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Definition and treatment of arrhythmogenic cardiomyopathy: an updated expert panel report


Abstract

It is 35 years since the first description of arrhythmogenic right ventricular cardiomyopathy (ARVC) and more than 20 years since the first reports establishing desmosomal gene mutations as a major cause of the disease. Early advances in the understanding of the clinical, pathological and genetic architecture of ARVC resulted in consensus diagnostic criteria, which proved to be sensitive but not entirely specific for the disease. In more recent years, clinical and genetic data from families and the recognition of a much broader spectrum of structural disorders affecting both ventricles and associated with a propensity to ventricular arrhythmia have raised many questions about pathogenesis, disease terminology and clinical management. In this paper, we present the conclusions of an expert round table that aimed to summarise the current state of the art in arrhythmogenic cardiomyopathies and to define future research priorities.

Abstract

It is 35 years since the first description of arrhythmogenic right ventricular cardiomyopathy (ARVC) and more than 20 years since the first reports establishing desmosomal gene mutations as a major cause of the disease. Early advances in the understanding of the clinical, pathological and genetic architecture of ARVC resulted in consensus diagnostic criteria, which proved to be sensitive but not entirely specific for the disease. In more recent years, clinical and genetic data from families and the recognition of a much broader spectrum of structural disorders affecting both ventricles and associated with a propensity to ventricular arrhythmia have raised many questions about pathogenesis, disease terminology and clinical management. In this paper, we present the conclusions of an expert round table that aimed to summarise the current state of the art in arrhythmogenic cardiomyopathies and to define future research priorities.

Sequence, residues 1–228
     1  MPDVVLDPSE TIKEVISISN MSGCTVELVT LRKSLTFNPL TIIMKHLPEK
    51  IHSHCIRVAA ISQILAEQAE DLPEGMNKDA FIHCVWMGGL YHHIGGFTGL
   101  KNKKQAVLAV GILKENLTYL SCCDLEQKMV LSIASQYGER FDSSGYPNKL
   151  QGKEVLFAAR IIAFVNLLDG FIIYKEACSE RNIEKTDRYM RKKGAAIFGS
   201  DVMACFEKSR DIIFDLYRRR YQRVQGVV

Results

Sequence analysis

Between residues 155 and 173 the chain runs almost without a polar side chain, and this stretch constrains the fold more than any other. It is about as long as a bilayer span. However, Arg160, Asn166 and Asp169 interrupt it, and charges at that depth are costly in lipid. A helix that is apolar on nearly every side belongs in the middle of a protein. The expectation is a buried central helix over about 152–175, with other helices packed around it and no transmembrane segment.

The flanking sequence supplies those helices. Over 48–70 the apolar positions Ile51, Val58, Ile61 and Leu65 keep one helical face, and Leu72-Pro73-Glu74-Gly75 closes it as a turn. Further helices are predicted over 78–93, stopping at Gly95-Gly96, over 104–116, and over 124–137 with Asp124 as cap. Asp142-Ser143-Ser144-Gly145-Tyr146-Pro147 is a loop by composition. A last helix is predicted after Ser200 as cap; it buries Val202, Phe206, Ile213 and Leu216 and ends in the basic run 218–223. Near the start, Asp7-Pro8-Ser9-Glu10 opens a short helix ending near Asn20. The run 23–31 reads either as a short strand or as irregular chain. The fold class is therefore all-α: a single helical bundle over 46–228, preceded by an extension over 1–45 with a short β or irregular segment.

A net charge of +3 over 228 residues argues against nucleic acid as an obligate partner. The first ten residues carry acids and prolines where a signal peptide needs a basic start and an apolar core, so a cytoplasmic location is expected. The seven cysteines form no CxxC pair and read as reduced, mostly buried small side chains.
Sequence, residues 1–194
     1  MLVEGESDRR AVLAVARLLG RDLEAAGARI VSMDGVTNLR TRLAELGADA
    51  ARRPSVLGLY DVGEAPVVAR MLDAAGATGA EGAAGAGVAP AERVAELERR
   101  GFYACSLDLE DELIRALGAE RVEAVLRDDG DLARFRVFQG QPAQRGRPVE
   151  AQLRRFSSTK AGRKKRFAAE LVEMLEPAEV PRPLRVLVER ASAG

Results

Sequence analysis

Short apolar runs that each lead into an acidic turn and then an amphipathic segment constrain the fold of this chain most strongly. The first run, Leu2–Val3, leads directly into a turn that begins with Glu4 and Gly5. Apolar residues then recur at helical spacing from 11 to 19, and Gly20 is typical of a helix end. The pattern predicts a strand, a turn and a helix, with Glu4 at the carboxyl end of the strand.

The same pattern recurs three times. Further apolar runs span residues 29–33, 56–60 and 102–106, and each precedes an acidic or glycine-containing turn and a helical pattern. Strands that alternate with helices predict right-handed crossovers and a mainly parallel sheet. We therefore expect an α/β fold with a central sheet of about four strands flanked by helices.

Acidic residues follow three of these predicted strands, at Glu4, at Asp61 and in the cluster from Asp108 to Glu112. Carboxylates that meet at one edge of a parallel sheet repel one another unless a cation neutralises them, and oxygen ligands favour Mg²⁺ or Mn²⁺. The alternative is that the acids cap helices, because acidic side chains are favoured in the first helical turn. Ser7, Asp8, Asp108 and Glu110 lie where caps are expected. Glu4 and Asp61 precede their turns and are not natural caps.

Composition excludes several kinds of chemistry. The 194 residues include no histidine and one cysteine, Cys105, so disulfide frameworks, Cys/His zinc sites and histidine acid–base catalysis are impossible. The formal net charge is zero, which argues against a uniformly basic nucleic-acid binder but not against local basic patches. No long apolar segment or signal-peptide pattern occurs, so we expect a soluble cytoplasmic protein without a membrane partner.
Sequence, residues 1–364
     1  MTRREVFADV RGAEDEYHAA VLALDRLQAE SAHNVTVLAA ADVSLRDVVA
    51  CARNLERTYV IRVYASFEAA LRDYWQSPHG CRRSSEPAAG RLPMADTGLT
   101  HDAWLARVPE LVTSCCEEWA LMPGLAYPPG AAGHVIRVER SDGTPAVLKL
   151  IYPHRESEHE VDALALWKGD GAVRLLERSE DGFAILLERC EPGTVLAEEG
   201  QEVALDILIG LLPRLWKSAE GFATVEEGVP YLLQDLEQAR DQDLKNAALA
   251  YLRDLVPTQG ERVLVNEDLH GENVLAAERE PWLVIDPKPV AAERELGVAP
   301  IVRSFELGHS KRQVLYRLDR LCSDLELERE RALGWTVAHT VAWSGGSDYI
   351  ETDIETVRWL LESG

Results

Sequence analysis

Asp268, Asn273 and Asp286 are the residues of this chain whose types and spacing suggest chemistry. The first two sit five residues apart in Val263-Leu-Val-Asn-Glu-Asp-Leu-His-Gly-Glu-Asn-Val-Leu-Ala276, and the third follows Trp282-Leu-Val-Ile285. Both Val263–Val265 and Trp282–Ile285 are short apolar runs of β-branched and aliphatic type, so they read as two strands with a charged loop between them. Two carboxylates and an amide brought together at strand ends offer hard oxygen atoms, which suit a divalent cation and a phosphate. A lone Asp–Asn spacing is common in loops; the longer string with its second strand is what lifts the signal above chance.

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Additional indexing

Item Type:Journal Article, refereed, original work
Communities & Collections:04 Faculty of Medicine > University Hospital Zurich > Clinic for Cardiology
Dewey Decimal Classification:610 Medicine & health
Language:English
Date:August 2019
Deposited On:13 Feb 2020 13:54
Last Modified:13 Feb 2020 13:54
Publisher:Wiley-Blackwell Publishing, Inc.
ISSN:1388-9842
OA Status:Closed
Free access at:Publisher DOI. An embargo period may apply.
Publisher DOI:https://doi.org/10.1002/ejhf.1534
PubMed ID:31210398

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